Bronco Spotlight: Sam Roodbar


Photo of Sam Roodbar

Master of Science in geography, 2018

PhD student and Graduate Student Researcher at the University of California, Davis 

Describe your current job:

I am part of the Environment, Land, and Food Systems lab at UC Davis. There are 4 or 5 projects that are ongoing in the lab, and I am involved in one that is focused on examining a new community development framework based on the idea of Rogusity (taken from biology). At the moment, my job is to create data sets, and performing statistical analyses. 

What is the most rewarding and the most challenging part of your job?

Most rewarding would be to work with extremely talented individuals and learning from them.  The most difficult part of this position is the fact that UC Davis operates on a quarter system. Everything happens quicker, there is no room for relaxing in the middle of the quarter and every day of the week has to be accounted for. Adjusting to the fast pace system is proving to be more difficult than I imagined.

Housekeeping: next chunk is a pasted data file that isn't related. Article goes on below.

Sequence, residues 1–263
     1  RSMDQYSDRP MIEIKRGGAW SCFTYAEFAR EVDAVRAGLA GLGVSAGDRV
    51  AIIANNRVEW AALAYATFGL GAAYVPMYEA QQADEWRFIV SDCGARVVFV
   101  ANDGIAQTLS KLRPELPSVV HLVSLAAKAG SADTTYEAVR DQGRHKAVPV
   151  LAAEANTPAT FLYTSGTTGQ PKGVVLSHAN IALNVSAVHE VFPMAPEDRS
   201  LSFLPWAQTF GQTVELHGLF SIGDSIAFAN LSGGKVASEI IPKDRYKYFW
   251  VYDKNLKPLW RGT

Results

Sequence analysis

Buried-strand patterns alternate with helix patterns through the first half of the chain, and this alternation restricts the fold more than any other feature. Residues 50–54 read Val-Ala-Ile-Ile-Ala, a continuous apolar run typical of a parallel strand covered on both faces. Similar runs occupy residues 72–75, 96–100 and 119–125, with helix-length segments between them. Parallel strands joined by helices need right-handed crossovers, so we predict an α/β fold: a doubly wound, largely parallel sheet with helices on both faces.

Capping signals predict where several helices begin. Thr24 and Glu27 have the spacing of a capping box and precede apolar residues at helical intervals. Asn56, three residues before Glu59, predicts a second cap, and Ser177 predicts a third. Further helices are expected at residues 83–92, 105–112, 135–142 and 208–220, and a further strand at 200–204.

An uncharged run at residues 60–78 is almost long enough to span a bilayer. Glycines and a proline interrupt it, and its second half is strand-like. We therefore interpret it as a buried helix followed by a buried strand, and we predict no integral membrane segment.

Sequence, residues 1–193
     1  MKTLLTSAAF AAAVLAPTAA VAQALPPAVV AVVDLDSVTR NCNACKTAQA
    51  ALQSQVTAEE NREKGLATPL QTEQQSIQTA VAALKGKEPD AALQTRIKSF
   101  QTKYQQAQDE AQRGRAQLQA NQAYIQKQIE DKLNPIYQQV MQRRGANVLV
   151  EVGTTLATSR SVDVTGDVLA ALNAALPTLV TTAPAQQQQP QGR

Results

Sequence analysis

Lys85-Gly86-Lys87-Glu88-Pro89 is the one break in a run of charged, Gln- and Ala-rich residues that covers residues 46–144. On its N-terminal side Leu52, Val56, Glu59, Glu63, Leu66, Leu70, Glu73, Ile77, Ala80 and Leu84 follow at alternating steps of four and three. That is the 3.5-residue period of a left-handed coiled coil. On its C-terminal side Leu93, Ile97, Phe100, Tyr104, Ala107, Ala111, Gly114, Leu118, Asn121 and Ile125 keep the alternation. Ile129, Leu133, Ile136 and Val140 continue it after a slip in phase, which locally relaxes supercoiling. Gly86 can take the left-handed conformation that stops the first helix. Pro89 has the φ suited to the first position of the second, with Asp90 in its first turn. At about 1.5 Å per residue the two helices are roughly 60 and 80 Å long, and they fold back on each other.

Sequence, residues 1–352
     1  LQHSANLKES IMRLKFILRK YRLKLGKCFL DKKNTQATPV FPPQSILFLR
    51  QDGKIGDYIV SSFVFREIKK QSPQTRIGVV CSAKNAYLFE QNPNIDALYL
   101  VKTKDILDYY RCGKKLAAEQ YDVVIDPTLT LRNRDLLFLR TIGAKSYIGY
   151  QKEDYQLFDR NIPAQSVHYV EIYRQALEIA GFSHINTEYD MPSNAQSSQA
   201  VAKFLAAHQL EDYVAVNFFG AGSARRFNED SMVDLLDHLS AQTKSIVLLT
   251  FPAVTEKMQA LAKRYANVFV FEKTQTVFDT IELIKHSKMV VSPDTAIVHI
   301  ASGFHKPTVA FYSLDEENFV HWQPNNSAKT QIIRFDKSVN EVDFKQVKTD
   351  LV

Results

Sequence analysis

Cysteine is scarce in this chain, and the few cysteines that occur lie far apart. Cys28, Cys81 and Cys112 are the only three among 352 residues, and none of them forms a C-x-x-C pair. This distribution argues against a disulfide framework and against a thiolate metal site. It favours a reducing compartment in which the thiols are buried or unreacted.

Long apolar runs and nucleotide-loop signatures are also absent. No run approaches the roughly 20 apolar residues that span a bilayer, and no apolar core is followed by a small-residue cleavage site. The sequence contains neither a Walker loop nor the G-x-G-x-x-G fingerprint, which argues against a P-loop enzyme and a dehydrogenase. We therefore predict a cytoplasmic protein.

What activities, resources, or people helped you prepare for your career?

Getting involved with other schools is a great resource in my opinion. During my time at WMU, regardless of my field of study, I developed a great relationship with the Multimedia Arts community and I managed to be on some of their projects. I was a stage hand during some very big events on campus and off campus. In short, having a passion, outside your field of study and pursuing it while studying is a great way to see the world from a different perspective and more doors will open. If you are interested in anything, chances are there is a project somewhere on campus dedicated to that or close to it. 

What advice do you have for others pursuing a career similar to yours?

My advice to people is grad school is a lot of work but it's rewarding at the end. You get to read about your area of interest and immerse yourself in the advancements in that field. During no other part of your life, you get to read as much as in grad school and get paid for it (if you get funding). Also, you get exposed to people from different backgrounds, which will make you a more well-rounded person.

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